The concept of "Privacy by Design" has been a part of the data protection landscape since it was first developed in the early 1990's and has always been considered the best practice approach to product development.
Article 25 of the GDPR will formally oblige companies to consider the risks to an individual's personal data at the product development stage, and to take appropriate measures to safeguard such personal data.
Privacy by Design has been identified by the government as a key element of their "Security by Design" strategy, which has been developed to address the cyber security threats which will arise with an increase in sales of connected devices and the so called "Internet of Things".
Who is affected by "Privacy by Design"?
The GDPR obligation to give due consideration to the protection of personal data in the development of products will apply widely. Put simply, if the product or service processes any personal data as part of the usage of the product or in the delivery of a related service, then the designer, developer, and/or manufacturer etc. will be expected to consider the risks to personal data.
"Privacy by Design" in practice
Data Protection Impact Assessments (DPIAs) will be the key to implementing "Privacy by Design" in practice. A DPIA is a "systematic and extensive evaluation" of the personal data implications which are likely to arise in connection with a particular product.
Upon completion of a DPIA, the product developer should have a clear understanding of all personal data that is necessary for the functioning of the product or the delivery of the services, as well as the potential risks to the personal information. Steps can then be taken to mitigate the identified risks.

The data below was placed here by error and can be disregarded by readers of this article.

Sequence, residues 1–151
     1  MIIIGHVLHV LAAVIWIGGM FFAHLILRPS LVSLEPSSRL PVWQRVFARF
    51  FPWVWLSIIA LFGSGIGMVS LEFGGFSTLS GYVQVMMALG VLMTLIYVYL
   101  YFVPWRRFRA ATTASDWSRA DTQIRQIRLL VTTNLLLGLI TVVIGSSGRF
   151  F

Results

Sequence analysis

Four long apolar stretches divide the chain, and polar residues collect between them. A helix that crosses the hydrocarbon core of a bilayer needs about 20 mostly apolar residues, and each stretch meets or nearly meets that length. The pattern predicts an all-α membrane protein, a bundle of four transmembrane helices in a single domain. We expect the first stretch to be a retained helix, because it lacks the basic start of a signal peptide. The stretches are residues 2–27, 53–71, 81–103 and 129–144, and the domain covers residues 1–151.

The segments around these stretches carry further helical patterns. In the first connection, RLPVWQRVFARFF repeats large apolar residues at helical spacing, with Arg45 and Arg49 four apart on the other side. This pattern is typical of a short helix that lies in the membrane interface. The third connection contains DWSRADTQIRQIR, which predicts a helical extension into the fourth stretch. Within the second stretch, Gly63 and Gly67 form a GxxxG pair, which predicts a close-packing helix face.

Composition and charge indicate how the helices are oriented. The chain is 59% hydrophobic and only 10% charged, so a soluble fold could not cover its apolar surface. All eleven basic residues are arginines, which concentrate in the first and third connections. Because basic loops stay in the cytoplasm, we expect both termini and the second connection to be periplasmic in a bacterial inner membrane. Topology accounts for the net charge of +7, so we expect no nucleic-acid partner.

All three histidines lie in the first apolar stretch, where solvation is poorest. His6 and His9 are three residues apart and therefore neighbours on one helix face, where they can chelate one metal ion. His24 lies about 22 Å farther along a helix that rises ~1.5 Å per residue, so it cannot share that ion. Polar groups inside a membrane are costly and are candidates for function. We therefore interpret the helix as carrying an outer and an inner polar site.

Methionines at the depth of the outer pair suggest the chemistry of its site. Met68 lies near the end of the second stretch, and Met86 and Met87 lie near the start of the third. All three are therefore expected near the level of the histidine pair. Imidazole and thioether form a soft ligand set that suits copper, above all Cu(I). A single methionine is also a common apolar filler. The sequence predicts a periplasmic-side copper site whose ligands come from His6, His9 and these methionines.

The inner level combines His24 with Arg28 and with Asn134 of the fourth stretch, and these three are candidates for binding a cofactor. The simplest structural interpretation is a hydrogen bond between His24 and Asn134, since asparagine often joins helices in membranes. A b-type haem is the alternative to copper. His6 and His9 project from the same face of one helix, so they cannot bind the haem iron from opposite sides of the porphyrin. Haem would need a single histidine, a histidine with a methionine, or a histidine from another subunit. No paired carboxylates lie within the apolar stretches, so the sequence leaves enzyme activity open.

All stages of a DPIA should be documented and retained as a record of the fact that data protection has been considered and integrated into a product. This can be useful evidence in the event that a product is investigated for breaches of data protection law in the future.
Upon completion of a DPIA, the developer should have a clear understanding of the risks which will arise as a result of the personal data. The onus is now on the developer to take steps to eliminate or reduce the risks identified. Whilst each case will be different, the approach to risk reduction will be to ensure that the product's functioning is aligned to the data processing principles (contained within Article 5 of the GDPR); some specific examples of which are:
- ensuring an adequate level of technical and organisational measures are in place to protect the data, which means in practice that robust cyber security protection is built into all aspects of the product
- ensuring that the product only collects such information as is necessary for undertaking the functions or providing the services
- where possible, store the data in a format that prevents an individual from being identified, such as through the use of pseudonymisation
- seek to be transparent with the end user of the product but informing them explicitly and in plain language how their personal data will be used if they choose to engage with the product.